Natalie G. answered • 02/17/21

Math, Writing and Test Prep Tutor for All Ages, 11+ Years Experience

First off, I'm not sure why f(x) is stated in the problem? In any case, start with the product rule for derivatives. Let's designate x^{2 }+ 12 as d(x) to prevent confusion. Here's the product rule:

h'(x)= d'(x)g(x) + d(x)g'(x)

Take the derivative of d(x) using the power rule. We'll leave g'(x) and g(x) for now as unknowns.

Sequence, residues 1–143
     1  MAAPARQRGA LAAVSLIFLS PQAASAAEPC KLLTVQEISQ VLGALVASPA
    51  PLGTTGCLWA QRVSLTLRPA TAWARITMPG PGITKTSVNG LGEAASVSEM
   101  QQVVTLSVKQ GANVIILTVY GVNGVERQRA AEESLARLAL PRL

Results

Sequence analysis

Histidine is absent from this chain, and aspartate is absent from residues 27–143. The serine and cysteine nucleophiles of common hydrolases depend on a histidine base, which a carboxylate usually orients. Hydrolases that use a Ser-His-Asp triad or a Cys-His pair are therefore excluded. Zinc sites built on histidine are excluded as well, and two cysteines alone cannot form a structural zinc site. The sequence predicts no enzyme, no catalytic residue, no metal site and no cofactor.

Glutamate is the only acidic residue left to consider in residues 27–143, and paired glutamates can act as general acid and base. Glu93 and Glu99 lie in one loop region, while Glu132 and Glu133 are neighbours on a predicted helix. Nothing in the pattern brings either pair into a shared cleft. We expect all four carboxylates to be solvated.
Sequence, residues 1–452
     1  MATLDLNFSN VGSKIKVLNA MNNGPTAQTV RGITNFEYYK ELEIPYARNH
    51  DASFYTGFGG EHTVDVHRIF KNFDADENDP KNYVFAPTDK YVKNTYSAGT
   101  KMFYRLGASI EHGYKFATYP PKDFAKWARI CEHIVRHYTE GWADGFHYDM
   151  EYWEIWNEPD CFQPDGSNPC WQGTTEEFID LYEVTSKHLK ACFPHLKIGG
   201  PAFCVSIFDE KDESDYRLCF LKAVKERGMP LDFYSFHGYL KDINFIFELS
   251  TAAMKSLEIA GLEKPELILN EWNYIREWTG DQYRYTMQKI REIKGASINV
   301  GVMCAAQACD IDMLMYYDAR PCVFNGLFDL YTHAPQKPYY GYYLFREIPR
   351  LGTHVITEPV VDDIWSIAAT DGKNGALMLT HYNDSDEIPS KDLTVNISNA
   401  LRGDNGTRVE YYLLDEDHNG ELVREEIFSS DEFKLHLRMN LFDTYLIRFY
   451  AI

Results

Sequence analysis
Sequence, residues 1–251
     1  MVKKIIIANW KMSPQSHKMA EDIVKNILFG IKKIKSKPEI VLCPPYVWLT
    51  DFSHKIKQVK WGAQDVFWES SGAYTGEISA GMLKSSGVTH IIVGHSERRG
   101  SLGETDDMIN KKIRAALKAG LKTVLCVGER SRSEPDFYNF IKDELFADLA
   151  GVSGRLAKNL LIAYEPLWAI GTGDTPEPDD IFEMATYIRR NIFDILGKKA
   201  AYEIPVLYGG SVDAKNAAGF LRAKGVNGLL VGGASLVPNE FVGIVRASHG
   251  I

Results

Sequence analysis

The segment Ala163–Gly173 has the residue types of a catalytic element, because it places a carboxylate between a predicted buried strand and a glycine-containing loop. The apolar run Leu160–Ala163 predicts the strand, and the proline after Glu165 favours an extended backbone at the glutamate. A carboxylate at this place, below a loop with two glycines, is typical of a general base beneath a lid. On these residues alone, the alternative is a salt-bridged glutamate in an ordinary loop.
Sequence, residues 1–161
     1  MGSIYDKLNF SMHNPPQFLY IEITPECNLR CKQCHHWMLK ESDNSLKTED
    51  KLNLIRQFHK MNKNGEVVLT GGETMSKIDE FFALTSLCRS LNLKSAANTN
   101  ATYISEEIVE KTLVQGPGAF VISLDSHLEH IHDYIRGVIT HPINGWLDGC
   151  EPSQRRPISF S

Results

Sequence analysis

h'(x)= (2x)g(x) + (x^{2 }+ 12)g'(x)

You're solving for h'(1).

h'(1)= (2)(1)(g(1)) + (1^{2}+12)g'(1)

Plug in what you were given in the original problem and simplify.

h'(1)= 2(-2) + (13)(3) = -4 + 39 = 35

h'(1) = 35